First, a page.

Bibb sings "Adieu Madras" and "Little Boxes", the latter delivering a knock-out punch critique of bad housing for the poor and conformity for the rich. Later in that show, Josh White, Jr., a second generation black folk singer, delivers a very smooth version of the traditional murder ballad, "Delia's Gone". As the audience sings along with folk contentedness, joining in their knowledge of a musical fable, one can't help but think of Cash's '90s version of the same song that takes this kind of folk tradition and roughens it up, making the song a bitter, jangling, Southern gothic lament rather than a rousing folk sing-along.

Any DVD collection that can show you the roots of popular music forms like country music and the blues, played by some of the key musicians in the genres, is well worth the price of admission. The original Carter Family, of course, popularized country music as it began being marketed to a mass audience during the '20s, the same period when blues records were being marketed. One of the later incarnations of the Carter Family, Mother Maybelle and her daughters, pop up here singing "Fair and Tender Ladies", while Doc Watson gives us "Deep River Blues". Representing pioneers in another folk music form with rural roots, Flatt & Scruggs come out for "Reuben" and "Hot Corn, Cold Corn", gracing us with bluegrass in all its hot-picking glory.

Our musical sounds send us around the world to land us with our rich American culture mixture, with Celtic- and African-derived musical forms taking us into Appalachia and the Delta. Much like Murray Lerner's later documentary about the Newport Folk Festival, Festival (1967), this series gives us a window onto how folk music in the '60s was a form of social protest, communal identity, idealism, proof of American popular culture's continuity even in the midst of discontinuities, and of its profound endurance.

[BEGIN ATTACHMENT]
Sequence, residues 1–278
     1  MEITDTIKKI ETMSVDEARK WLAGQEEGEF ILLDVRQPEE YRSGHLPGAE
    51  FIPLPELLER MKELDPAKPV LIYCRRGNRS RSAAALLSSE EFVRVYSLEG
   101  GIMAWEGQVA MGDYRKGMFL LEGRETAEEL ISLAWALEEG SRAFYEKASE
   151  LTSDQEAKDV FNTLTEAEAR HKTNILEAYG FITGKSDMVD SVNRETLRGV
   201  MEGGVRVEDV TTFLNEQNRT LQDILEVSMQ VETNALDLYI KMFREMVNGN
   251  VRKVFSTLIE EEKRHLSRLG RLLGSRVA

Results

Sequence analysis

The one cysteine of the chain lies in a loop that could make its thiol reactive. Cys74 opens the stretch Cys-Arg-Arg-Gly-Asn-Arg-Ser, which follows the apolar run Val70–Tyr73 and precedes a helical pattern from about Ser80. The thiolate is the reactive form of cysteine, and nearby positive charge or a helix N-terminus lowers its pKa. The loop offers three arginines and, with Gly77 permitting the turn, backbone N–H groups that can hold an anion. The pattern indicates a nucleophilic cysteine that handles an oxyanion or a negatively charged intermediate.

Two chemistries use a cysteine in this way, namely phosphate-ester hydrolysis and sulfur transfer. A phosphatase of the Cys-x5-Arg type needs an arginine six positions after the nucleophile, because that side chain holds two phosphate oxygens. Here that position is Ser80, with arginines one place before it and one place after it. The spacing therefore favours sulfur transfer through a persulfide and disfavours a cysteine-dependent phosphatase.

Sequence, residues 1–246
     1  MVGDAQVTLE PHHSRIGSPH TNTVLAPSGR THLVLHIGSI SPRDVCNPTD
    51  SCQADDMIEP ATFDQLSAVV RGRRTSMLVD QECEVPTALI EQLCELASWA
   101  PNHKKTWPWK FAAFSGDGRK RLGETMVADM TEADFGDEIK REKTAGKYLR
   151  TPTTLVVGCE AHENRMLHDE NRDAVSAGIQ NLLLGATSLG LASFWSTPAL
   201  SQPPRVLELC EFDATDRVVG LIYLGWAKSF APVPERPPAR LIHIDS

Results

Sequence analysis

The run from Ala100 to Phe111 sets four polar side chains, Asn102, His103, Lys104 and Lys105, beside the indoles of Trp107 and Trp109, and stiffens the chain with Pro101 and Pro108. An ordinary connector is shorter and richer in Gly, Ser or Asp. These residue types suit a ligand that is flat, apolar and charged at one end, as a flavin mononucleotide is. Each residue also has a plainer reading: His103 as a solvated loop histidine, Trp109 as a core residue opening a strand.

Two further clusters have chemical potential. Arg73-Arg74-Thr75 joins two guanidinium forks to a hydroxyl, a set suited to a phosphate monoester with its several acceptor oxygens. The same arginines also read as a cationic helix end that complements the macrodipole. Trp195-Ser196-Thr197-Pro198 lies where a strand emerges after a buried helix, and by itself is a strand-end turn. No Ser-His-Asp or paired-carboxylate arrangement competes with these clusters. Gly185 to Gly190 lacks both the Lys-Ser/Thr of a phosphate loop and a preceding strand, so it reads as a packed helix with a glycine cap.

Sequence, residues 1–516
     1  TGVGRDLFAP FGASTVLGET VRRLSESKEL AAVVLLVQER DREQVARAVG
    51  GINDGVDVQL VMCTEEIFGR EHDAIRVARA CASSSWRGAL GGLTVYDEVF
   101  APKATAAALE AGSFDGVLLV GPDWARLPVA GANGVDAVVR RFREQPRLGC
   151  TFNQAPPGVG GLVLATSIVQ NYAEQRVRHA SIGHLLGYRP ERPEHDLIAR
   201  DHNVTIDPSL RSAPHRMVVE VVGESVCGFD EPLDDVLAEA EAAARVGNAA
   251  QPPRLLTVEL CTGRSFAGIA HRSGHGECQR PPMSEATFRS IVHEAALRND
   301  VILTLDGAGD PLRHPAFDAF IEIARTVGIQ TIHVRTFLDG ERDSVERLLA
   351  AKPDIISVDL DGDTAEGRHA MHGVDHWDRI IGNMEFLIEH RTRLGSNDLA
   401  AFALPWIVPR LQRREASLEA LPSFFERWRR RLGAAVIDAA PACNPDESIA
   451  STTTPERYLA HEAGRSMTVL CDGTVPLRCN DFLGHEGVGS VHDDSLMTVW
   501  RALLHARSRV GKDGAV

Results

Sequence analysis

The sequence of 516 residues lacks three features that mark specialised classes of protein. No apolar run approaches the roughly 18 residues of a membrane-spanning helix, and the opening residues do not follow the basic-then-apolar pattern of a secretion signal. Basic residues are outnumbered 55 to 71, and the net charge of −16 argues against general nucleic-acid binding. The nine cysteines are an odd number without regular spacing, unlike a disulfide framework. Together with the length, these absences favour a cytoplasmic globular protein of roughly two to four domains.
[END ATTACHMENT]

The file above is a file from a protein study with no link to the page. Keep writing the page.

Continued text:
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In Americana music the present is female. Two-thirds of our year-end list is comprised of albums by women. Here, then, are the women (and a few men) who represented the best in Americana in 2017.

If a single moment best illustrates the current divide between Americana music and mainstream country music, it was Sturgill Simpson busking in the street outside the CMA Awards in Nashville. While Simpson played his guitar and sang in a sort of renegade-outsider protest, Garth Brooks was onstage lip-syncindg his way to Entertainer of the Year. Americana music is, of course, a sprawling range of roots genres that incorporates traditional aspects of country, blues, soul, bluegrass, etc., but often represents an amalgamation or reconstitution of those styles. But one common aspect of the music that Simpson appeared to be championing during his bit of street theater is the independence, artistic purity, and authenticity at the heart of Americana music. Clearly, that spirit is alive and well in the hundreds of releases each year that could be filed under Americana's vast umbrella.